Further, I think Ben is onto something by likening the site to a copy of Frank Leslie’s Illustrated Newspaper that, although rife with wonderful engravings and imagery, would be meaningless without the necessary textual explications and the context attending such explications. In other words, visualization is great if it serves to clarify –  not obfuscate — the historical argument.  Granted, The Lost Museum offers some of that textual context up front; but, once the game begins, it’s off to the races. The dominant theme becomes finding the guy with the pack of matches and not necessarily the reason why he (or she) may have torched the building. Could the arsonist have been a Confederate sympathizer who, in a fit of pique over a display of Jefferson Davis disguised as a woman, decided to light up Barnum’s building as a show of unity with the recently defunct Confederate States of America? Hard to say. I’m sure the users who view only the textual descriptions of each attraction will get some meaning from the site while others will simply enjoy the cutting-edge visualizations of the virtual tour — all enhanced by Flash Player but sans descriptions.  Ultimately, and as Ben rightly argues, interactivity has to serve the overarching argument. The Lost Museum falls short here.  Granted, the site represents a great effort; but, as historians, we must be careful that our Web sites have more “bang” and less “flash” — or at least a good balance of both.

Steve Rusiecki

Comment on Mason’s Blog 8: “Interactivity on the Web”

Mason’s Blog 8: “Interactivity on the Web”

Mason made some excellent points about the nature of interactivity on the Web. In particular, Mason discussed the potentially “cheesy” appearance that an otherwise serious historical Web site might have if the designers leaned too far toward the gaming aspect of interactivity.  Such an appearance would almost certainly undermine the historical message and cause the site’s purpose to fall flat.

I’ve never been a big fan of video games, primarily because I find them to be tedious and predictable.  The goal of these games always seemed to be how the player could master the designer’s algorithm and win the “gold ring” in the end.  Arghhh. Not for me. I watched my son grow up playing video games, many of them with historic themes, only to find out after quizzing him later that he learned next to nothing about the game’s historical setting. He was more focused on “beating” the algorithms or finding codes online that would allow him to bring German Tiger tanks onto a medieval battlefield and “win the day.” No contest there. And certainly no learning, either. But I must admit to being amused when I watched a bunch of knuckleheads in heavy armor and on foot trying to escape a high-velocity 88mm round fired from the King Tiger.  Again, no contest there.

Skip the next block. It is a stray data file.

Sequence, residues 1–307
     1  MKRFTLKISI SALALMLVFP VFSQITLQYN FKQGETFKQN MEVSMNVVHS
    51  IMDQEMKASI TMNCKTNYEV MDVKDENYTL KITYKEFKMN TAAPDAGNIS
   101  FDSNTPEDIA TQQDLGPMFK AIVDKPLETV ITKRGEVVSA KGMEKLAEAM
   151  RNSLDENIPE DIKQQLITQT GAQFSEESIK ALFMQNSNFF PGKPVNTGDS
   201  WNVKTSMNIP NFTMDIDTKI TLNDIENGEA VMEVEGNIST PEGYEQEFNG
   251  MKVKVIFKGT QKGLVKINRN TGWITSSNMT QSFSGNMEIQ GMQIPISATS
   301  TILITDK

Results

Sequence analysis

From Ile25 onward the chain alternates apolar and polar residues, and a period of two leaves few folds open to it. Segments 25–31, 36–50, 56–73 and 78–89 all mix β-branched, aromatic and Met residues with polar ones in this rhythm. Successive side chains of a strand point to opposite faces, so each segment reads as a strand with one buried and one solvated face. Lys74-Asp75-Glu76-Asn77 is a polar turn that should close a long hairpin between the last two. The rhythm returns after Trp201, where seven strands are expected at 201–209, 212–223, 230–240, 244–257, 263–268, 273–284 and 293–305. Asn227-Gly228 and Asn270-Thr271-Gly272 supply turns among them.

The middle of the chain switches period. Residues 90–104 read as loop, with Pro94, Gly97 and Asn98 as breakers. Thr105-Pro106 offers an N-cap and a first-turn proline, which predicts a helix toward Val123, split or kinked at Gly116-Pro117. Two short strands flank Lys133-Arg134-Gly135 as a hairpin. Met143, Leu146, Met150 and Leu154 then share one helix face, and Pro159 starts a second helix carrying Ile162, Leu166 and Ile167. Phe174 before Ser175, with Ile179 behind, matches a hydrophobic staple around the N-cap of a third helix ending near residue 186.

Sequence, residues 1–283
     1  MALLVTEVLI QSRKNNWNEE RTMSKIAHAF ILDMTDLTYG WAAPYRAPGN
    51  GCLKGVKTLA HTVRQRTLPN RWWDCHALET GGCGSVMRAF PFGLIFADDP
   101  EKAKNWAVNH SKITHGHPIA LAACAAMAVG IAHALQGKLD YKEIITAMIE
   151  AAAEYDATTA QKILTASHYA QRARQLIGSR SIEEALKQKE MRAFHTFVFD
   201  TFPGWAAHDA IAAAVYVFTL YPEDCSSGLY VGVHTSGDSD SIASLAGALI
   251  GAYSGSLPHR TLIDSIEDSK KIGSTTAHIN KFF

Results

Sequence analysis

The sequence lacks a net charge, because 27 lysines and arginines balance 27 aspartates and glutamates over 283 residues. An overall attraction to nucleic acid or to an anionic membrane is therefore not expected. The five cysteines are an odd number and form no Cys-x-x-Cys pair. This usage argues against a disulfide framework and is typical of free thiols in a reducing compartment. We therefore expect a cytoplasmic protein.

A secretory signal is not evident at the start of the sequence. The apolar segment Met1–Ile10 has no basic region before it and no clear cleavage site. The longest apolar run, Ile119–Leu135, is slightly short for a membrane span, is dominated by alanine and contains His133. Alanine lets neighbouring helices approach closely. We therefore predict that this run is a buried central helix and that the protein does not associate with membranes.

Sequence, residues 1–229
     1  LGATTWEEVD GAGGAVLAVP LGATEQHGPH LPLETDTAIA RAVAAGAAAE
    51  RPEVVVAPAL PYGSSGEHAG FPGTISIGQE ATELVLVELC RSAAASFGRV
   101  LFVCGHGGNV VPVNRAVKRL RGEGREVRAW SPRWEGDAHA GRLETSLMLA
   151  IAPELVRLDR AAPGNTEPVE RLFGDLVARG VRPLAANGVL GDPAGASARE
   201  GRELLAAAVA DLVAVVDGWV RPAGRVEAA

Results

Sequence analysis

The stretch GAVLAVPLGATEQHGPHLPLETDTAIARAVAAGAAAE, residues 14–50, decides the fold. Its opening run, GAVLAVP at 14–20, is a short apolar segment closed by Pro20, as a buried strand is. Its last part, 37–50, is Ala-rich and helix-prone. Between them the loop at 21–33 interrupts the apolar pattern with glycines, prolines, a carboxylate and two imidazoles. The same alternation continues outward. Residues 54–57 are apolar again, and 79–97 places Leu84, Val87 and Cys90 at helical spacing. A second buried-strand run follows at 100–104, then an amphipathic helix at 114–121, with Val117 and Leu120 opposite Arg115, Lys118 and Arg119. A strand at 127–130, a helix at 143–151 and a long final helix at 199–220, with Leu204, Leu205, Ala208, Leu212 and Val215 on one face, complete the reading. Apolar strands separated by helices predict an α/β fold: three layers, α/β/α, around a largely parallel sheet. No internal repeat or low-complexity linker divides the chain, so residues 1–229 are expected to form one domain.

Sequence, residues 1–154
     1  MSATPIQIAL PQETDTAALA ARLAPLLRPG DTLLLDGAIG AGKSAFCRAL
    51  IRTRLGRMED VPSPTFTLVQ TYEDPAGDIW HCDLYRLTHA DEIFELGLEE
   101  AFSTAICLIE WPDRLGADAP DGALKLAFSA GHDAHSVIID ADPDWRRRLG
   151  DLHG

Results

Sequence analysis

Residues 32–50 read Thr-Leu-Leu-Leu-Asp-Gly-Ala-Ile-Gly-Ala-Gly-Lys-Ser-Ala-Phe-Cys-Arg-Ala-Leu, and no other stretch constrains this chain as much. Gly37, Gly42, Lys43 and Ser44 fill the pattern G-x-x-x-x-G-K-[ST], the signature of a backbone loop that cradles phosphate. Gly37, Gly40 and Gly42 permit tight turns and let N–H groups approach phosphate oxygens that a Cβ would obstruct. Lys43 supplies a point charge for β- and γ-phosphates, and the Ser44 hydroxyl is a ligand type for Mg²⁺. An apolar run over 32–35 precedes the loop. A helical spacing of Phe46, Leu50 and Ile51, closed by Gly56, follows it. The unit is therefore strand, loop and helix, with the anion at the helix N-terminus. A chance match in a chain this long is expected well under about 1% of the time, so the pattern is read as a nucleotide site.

Like Mason, I admire the efforts of historians like Edward Ayers and Michael O’Malley who have delved into something different, something unknown, to try and create a new Web-based “language” that can enhance, or possibly even replace, the way we historians present our arguments and subject matter.  Like these men, the visual component to history is extremely important to me, and the Web offers so many possibilities in this regard. I am happy beyond words to have learned how to create and publish a Web site in Clio II, but I wish I had more technical expertise to contribute to the efforts of historians like Ayers and O’Malley.  But right now, I just want to ensure that my online historical efforts don’t become goofy avatars of fantasy-based Nintendo video games.  History, for the most part, is not a game. We can have fun with our historical subject matter, though, but not at the expense of forfeiting the meaning behind that subject matter.

Steve Rusiecki

Comment on Alyssa’s Blog 7: “Accessibility”

Alyssa’s Blog 7: “Accessibility”

I’m glad to see that I wasn’t the only one to run some of my Web pages through the WAVE accessibility evaluation tool. I thought that the few errors that “popped” (some of which I could fix easily) meant that I was in pretty good shape overall. And then, after reading Alyssa’s blog, I realized that I could do much more to improve my accessibility “score.” Alyssa used both WAVE and Achecker (not sure what that second  one is!) to evaluate her Web pages, and she came out waaaay on top! Her stuff was nearly perfect. Her only “ding” was that she did not identify her Web sites’ language — one of the same “dings” I received from WAVE for my pages. For the most part, Alyssa had clearly learned from her experience in library school how to code a page properly to ensure accessibility.  She has certainly set a high bar for the rest of us!  I’m inspired to go back and try and figure out — with renewed vigor — the  errors that WAVE reported on my Web pages. My thanks to  Alyssa for leading the way and setting the standard for all of us. Well done!

Steve Rusiecki

Comment on Jordan’s Blog 7: “Accessibility and the Web”

Jordan’s Blog 7: “Accessibility and the Web”